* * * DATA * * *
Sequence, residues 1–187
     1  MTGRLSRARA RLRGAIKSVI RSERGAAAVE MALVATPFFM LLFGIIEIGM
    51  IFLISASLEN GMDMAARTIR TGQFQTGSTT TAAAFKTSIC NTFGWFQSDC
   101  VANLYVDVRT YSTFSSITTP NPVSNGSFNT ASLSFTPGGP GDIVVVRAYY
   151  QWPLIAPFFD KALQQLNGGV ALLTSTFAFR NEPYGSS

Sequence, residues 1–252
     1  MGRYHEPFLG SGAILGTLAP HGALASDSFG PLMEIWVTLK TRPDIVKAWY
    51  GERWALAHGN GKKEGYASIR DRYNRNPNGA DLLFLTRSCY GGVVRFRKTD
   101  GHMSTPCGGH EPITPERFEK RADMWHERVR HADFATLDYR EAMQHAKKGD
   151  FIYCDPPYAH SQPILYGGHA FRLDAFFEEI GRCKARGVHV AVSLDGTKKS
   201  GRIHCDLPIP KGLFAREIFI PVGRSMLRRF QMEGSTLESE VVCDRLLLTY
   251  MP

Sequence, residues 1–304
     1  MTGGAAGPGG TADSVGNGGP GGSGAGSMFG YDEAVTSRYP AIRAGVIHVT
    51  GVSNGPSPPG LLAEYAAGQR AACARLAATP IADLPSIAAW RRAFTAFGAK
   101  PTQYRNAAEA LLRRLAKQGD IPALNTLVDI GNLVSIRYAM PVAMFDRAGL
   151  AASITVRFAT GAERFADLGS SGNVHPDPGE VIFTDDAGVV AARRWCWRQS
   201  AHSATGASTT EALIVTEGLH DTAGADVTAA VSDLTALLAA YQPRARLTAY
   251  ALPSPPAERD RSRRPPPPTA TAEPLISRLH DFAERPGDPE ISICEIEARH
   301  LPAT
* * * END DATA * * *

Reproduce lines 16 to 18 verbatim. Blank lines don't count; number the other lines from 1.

   101  PTQYRNAAEA LLRRLAKQGD IPALNTLVDI GNLVSIRYAM PVAMFDRAGL
   151  AASITVRFAT GAERFADLGS SGNVHPDPGE VIFTDDAGVV AARRWCWRQS
   201  AHSATGASTT EALIVTEGLH DTAGADVTAA VSDLTALLAA YQPRARLTAY